Cornbread Thinks: Breed ’em all…

The new pony continues to be an emerging dream. Robbie Boyce showed her in the National Cutting Horse Association (NCHA) Futurity Open, missed the semis by a half-point but made the John Deere Open finals. Needed more cow, but no penalties. They finished 11th for 3,900 some odd dollars. Earning her Certificate of Ability, she is now an official cutting horse.

Afterward, she went to her new home at R.L. Chartier’s, and we are going to Abilene, Cattlemen’s, Ardmore and the NCHA Super Stakes. Would have probably stayed with Robbie, except R.L. is 20 minutes away and Robbie is three hours. I am practicing what I preach, and in this case, it has worked. I well know that it does not always. Doing all we can to bet with the odds has worked well for us.

Cornbread thinks there is nothing to this cutting business, as long as you know everything. The easiest thing to become expert about is breeding. All you have to do is buy about a dozen fillies, have them all trained and learn enough to win $20 or $11,000 on one, breed her six or four times to the neighbor’s great-grandson of Little Peppy out of a Joe Hancock mare, then take the first one to the Big House to win it all. It happens all the time… late at night, after a big meal… in your dreams.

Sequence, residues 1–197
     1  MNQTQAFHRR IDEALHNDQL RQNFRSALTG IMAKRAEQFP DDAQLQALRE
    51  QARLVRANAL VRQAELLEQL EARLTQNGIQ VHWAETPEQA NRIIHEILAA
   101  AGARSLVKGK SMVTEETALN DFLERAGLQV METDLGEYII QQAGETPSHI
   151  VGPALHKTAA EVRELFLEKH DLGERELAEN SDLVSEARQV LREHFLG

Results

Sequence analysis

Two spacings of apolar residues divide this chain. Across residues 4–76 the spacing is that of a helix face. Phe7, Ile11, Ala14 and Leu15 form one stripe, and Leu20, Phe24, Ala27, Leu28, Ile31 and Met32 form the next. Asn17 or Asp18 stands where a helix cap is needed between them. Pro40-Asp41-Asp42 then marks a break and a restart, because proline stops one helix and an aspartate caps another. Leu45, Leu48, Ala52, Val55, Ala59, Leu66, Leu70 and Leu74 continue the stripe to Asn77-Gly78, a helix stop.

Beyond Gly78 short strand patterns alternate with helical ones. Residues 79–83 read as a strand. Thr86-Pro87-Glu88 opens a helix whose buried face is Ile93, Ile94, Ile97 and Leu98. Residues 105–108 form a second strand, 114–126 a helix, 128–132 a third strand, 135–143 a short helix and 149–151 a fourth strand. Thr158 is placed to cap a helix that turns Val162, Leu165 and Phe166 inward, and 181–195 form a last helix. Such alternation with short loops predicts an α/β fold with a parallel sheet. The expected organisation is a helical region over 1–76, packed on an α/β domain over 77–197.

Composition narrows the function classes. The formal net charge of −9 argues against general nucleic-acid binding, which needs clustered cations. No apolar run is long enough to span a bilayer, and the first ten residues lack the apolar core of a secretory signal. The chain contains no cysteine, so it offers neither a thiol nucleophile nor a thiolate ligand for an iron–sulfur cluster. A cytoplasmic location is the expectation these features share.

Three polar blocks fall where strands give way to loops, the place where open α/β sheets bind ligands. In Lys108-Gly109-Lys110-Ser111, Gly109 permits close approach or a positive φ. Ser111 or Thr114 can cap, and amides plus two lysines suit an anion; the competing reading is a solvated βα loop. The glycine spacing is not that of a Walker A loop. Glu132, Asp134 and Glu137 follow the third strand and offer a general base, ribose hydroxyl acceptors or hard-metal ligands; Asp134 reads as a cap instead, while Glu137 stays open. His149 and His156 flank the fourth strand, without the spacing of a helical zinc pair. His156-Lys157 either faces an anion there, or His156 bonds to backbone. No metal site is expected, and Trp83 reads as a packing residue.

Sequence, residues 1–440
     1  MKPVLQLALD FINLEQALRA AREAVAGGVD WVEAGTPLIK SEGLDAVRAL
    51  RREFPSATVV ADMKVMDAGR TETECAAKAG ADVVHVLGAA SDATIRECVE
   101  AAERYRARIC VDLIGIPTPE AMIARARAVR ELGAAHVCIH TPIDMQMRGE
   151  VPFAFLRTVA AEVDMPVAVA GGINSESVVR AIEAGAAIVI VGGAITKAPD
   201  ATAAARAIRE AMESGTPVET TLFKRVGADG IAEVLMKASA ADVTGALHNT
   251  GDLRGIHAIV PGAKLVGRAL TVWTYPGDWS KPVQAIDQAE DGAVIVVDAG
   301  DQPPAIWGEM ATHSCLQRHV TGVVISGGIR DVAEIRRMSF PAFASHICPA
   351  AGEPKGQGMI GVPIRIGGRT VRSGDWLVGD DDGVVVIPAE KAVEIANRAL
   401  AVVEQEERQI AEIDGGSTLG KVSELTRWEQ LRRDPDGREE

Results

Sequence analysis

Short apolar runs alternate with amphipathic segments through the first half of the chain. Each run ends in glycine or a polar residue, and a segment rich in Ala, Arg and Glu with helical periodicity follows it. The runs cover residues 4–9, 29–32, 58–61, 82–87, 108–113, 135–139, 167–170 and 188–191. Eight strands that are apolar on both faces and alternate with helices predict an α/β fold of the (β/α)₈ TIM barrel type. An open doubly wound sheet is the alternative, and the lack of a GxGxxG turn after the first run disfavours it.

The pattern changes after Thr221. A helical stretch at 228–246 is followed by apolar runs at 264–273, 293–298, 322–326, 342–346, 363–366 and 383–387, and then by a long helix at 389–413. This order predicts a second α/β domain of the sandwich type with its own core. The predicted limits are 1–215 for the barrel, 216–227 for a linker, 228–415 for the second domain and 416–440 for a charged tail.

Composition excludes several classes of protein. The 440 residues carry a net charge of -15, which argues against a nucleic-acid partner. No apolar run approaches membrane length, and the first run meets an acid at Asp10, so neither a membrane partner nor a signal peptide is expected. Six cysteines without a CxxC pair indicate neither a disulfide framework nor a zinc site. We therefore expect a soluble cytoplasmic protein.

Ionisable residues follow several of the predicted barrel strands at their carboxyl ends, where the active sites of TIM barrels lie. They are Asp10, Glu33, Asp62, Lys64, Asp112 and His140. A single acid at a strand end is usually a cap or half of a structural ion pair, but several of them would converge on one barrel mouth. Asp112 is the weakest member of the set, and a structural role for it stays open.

“Bred to cut.” “Got the credentials.” “He’s sure supposed to cut.” You can say that about every single horse entered in the Futurity. People can legit claim anything they want till somebody drops their hand for the first time. This business is a gamble, as is most business, but you can sure improve the odds with diligent effort. First off, it’s all about mare power. Look for layers of mares who have won Open money. Twenty thousand dollars in the Open is like $45,000 in the Non-Pro and/or Amateur. You want a good horse? Then breed for one.

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